MANILA, July 18 , 2004 (STAR) By Des Ferriols  -  The Development Budget Coordinating Committee (DBCC) has revised its deficit target, opting for a drastic deficit reduction towards the end of the Arroyo administration.

The government has made a commitment to reduce its deficit to at least P140 million by 2009 but based on the revised schedule, the government said it would reduce its deficit to zero on that year.

Records disclosed that the DBCC intends to keep its 2004 and 2005 deficit target to P197.815 billion and P184.526 billion, respectively.

By 2006, however, the government hoped to reduce this deficit to P161.769 billion and further to P126.999 billion by 2007.

By 2008, the national budget deficit was expected to go down to P79.032 billion before taking a sharp drop to zero deficit in 2009.

The original deficit reduction program had a much softer trajectory and by 2009, a deficit of at least P140 million was still in the program. The budget was not originally programmed to balance until 2010.

However, there is still no clarity on how the Arroyo administration intended to do this, especially since it has decided to assume at least P500-billion worth of obligation of the National Power Corp. (Napocor), a move that was expected to stress out its already heavy debt burden.

The Arroyo administration has approved the four-point program that includes at least 11 "very painful but critical" tax measures, including the controversial shift to gross income taxation and the increase in the value added tax rate.

If implemented in full, the program was expected to generate P100 billion on the first year, still barely enough to meet the incremental funding requirements of the government.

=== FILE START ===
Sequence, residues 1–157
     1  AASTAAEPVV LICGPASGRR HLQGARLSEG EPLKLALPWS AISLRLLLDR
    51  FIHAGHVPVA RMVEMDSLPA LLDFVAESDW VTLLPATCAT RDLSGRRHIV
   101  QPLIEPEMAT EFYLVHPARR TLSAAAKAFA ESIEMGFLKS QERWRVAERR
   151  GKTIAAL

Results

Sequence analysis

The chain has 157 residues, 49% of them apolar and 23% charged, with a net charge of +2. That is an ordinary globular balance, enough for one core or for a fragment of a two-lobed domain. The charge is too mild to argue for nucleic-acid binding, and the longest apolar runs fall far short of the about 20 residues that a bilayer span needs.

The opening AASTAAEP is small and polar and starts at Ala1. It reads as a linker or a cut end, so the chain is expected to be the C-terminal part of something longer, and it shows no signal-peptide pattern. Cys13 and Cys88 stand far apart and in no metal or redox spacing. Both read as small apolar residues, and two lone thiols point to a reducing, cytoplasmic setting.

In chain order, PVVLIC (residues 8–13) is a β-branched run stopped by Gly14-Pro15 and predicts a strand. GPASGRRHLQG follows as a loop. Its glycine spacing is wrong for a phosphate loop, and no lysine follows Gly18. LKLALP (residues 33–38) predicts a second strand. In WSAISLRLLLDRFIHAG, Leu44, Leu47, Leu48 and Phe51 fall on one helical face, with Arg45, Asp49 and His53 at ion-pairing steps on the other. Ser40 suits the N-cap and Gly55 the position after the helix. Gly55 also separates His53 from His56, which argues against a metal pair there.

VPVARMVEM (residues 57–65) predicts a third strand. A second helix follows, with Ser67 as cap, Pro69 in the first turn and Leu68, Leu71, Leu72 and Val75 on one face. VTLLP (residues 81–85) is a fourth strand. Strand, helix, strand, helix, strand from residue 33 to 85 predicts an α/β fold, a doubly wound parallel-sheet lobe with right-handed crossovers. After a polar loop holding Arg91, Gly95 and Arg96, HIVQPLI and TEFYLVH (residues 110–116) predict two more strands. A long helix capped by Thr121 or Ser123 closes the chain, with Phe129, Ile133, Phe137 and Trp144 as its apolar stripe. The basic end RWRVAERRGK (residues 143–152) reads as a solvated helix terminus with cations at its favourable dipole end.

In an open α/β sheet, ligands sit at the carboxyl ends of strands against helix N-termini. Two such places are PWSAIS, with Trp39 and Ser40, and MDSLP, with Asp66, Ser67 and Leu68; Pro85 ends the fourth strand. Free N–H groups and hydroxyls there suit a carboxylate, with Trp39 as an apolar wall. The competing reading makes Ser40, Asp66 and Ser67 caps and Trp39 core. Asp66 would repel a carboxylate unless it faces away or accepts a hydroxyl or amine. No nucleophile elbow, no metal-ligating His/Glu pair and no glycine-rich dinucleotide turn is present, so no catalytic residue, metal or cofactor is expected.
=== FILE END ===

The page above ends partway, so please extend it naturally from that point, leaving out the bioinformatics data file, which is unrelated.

Finance Secretary Juanita Amatong told reporters after the meeting that the president has given the "go signal" on the four-point agenda that prioritized the administrationís macro-economic and fiscal program, power sector reforms, banking and financial reforms and infrastructure and investments program.

Amatong said the program included all the proposed tax measures but the administration has not narrowed it down to an actual list of priority bills that would be presented before Congress as urgent measures.

According to Amatong, the DBCC has not fully studied all the proposed measures, including the controversial proposal to shift from net to gross income taxation. "Suffice it to say that nothing has been ruled out, thatís as much as I can say," Amatong said.

"This includes the GIT, the proposed increase in the value added tax rate and even other measures that have not been ruled out."

Amatong explained that while there was a need to improve tax administration, the increase in revenues from such an effort would still not be enough to address the funding requirement.

Reported by: Sol Jose Vanzi

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